**Why invent the momentum concept in the first place?**

A brick hanging in space has a
firework rocket attached to it. The rocket burns and makes the brick
accelerate up to a certain speed, then the firework expires. It is
important to have a measure of the 'smashing power' of the brick –
how many pains of glass could it plough through in virtue of its
speed?

Assume the firework applies a constant
force. There are two simple measures of smashing power:

Force of the rocket
multiplied by the distance the brick is pushed through during the
burn. (Force x distance).

Force of the rocket
multiplied by the time the rocket burns. (Force x time).

The first is called 'energy',
more specifically kinetic energy and the second is momentum. (If the
force of the rocket varied you would have to integrate rather than
simply multiply, but it amounts to the same thing.)

Both quantities are conserved.
That is their total quantity does not change.

**An instant qualification is necessary.**

Imagine two balls of wet clay
collide. Kinetic energy is not unchanged before and after, but the
balls have warmed slightly, and if this 'heat' energy is added in,
the total energy before and after is indeed unaltered.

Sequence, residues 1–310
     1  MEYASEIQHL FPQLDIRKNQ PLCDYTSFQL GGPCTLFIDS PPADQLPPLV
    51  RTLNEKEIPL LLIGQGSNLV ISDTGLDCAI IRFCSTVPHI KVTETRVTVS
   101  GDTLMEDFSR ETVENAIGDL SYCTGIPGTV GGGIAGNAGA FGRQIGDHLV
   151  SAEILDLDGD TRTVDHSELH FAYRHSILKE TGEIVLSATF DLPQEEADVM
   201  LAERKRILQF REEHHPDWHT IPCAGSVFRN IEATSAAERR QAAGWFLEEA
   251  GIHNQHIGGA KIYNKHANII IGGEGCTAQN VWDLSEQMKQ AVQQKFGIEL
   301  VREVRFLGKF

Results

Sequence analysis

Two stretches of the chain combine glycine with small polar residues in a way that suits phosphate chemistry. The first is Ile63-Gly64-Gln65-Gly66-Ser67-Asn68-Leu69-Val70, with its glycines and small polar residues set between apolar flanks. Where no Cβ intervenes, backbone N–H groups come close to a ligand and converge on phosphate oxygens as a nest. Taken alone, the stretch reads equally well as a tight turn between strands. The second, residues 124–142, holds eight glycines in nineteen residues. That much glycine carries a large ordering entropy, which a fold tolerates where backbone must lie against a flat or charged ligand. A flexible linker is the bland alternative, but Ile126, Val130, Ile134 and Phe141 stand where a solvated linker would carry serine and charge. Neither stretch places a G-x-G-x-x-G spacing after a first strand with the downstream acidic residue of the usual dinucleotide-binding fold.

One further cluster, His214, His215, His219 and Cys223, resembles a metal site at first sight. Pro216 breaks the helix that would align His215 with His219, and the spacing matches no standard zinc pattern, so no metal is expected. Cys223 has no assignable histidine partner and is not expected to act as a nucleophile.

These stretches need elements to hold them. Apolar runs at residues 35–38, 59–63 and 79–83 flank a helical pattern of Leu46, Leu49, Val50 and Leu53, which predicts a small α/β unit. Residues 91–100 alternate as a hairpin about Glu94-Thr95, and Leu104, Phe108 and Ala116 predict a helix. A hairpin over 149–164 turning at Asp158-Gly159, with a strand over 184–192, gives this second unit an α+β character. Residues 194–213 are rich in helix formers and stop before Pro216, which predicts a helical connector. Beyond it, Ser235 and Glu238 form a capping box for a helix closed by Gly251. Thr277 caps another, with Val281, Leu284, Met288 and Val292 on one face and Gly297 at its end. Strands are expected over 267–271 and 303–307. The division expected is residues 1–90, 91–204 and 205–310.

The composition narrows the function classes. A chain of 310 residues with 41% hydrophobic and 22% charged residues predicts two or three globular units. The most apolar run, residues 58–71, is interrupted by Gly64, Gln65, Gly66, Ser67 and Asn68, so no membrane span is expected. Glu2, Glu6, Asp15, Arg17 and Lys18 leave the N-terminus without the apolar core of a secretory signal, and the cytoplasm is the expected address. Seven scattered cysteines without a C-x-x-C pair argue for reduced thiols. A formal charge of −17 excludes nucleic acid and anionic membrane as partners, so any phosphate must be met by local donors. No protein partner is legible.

It is not the same for momentum.
It is just unchanged full stop. There is no heat analogy for
momentum. (It is tempting to argue that there is, it is just so
slight it does not notice.)

**p = mv**

If force x time or the
equivalent integral is evaluated it works out as p = mv. This is
true in relativity just as it is in Newtonian mechanics. Some of the
above nodes could perhaps slightly mislead in this respect.

Nothing may be accelerated
beyond the velocity of light in a vacuum, c, so to prevent this an object's mass
– the proportionality factor that measures its resistance to
acceleration (force is proportional to acceleration) – must
increase as it goes faster.

So if the thing has mass m_{0}
when it is at rest relative to the measuring apparatus its mass
increases as it goes faster according to the formula given in the
above pieces. Its momentum is always its mass, m, multiplied by
velocity.